Hon. Mr. Silver: Thank you for the question from the member opposite.

Long s= tory short — and not to get into the complicated nature or the algorithms — some of that updating will be fixed with the budgeting process moving forwa= rd into the mains. What we saw with the forecast and the index — we had a downward projection because of the expected spending of other provinces and territories. We were expecting more spending from those provinces and it ju= st didn’t happen. We were also expecting our population growth to be mor= e in line with those other jurisdictions.

Both o= f these things relate to the forecasting for indexing for the TFF. But as we move i= nto the next indexing or the next time that we have a forecast through the main budget, we should see those numbers more reflective of the reality. There w= as less spending in the jurisdictions. We expected more spending than actually occurred, basically — if I wasn’t clear on that.

Ms. Hanson: The Minister of Finance in the last Budget Address spoke about the importance of the Department of Finance and enhancing its central agency role with the expectation — at least the way I had understood it, and I ask him to correct me if I’m incorrect — that Finance would be working with all departments to ensure that there was sort of a standard approach with respect to strategic planning and operational planning across departments a= nd agencies.

I woul= d ask the Minister of Finance to confirm that is correct and to answer the question: = Will strategic plans and the subsequent operational plans for all departments and agencies be completed prior to the beginning of the fiscal year 2019? Will = they be published online?

I rais= e this because, in terms of openness and accountability, we see that it’s the practice in other jurisdictions. You can go online, you can see what the government department says it is going to do and when it is going to do it = over the long horizon and then operationally over that year.

ItR= 17;s not rocket science. I know that there have been sporadic initiatives within Yuk= on but then there is no consistency. It was my understanding that the Departme= nt of Finance, with that central agency role, would be providing that consiste= ncy in terms of direction to departments and agencies so that citizens and memb= ers of this Legislative Assembly can have a sense of what government departments and agencies are doing with the monies that have been voted by this Legisla= tive Assembly. That then forms the chain of accountability.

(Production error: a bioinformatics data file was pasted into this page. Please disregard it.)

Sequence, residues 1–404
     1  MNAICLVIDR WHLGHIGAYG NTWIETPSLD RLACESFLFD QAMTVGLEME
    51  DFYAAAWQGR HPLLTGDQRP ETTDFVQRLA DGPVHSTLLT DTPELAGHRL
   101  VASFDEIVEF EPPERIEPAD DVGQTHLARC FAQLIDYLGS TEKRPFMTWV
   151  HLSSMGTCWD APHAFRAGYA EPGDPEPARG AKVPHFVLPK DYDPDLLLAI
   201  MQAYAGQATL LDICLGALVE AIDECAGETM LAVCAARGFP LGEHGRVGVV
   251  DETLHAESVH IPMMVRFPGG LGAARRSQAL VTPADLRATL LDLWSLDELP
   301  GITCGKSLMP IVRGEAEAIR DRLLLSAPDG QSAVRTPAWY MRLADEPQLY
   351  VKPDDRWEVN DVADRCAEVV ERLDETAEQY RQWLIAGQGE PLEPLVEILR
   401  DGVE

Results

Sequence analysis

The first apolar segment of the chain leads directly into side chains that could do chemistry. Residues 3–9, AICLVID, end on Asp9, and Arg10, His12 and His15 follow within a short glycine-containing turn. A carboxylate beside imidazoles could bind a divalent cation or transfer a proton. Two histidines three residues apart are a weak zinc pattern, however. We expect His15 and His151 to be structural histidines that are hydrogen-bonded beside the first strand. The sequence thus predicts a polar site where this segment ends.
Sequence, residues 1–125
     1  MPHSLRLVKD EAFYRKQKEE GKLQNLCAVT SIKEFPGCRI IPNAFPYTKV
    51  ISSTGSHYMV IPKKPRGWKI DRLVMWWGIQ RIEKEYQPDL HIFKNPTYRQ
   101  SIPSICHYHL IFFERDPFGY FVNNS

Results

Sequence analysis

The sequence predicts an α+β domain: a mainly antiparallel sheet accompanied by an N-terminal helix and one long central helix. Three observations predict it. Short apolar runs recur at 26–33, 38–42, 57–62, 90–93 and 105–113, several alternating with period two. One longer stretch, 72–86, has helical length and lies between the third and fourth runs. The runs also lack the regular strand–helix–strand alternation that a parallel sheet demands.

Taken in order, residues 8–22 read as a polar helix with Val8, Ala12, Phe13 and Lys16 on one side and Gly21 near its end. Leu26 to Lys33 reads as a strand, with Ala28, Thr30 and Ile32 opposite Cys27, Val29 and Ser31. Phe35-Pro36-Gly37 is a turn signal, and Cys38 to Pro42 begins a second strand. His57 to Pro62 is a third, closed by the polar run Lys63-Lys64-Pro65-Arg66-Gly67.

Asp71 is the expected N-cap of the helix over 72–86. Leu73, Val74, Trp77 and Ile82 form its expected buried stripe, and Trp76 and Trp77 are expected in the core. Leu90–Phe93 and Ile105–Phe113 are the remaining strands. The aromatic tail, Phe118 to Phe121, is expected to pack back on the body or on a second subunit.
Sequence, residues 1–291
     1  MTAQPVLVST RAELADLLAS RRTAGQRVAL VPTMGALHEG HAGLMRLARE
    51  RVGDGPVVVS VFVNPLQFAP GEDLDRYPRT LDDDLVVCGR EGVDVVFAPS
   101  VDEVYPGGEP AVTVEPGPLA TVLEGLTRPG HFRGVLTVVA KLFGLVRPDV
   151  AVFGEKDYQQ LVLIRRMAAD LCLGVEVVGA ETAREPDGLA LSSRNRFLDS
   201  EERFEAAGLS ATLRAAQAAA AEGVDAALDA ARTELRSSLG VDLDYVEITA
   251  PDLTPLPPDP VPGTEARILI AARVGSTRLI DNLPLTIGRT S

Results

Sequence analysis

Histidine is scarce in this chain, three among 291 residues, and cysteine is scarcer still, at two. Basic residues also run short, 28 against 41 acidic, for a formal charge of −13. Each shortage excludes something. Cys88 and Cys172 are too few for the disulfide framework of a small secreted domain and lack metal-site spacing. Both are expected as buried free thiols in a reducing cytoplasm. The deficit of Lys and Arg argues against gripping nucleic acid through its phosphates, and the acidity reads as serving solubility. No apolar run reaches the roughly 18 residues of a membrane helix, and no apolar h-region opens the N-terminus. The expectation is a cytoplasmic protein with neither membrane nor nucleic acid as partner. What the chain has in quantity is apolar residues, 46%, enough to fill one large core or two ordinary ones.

Hon. Mr. Silver: When we did first sit down with my Deputy Minister of Finance,= we had a very frank conversation about financial oversight when it comes to decisions made in the Legislative Assembly — I know that it seems lik= e a tagline, but evidence-based decision-making. The privilege to have a conversation with the deputy minister as well as with my deputy minister of Executive Council Office about what that looks like — what overall financial scrutiny looks like in processes — that was really importan= t to me and to this team.

Right = off the bat, we put money in the budget for 11 FTEs within the Department of Financ= e to really bolster up that department so that, as it works with the Management Board Secretariat and as it works on a whole-of-government approach, it has= the financial capacity on a timely basis — and that’s the big thing about government — to check in with the departments as we go from Cab= inet Committee on Legislation to Cabinet Committee on Priorities and Planning, before we even get to Cabinet and before we even get to Management Board, to make sure that financial scrutiny is there.

It is = quite a task. In the past, you saw some job descriptions and titles and then responsibilities that actually put some people in the Department of Finance= in a conflict of interest of sorts, and it didn’t help for the morale in that department — that is for sure — to be able to bolster up t= hat department so that it actually has the ability to, not only do the financial scrutiny of a budgetary cycle, but also to be able to work on a whole-of-government approach when it comes to really important files like, = for example, capital spending.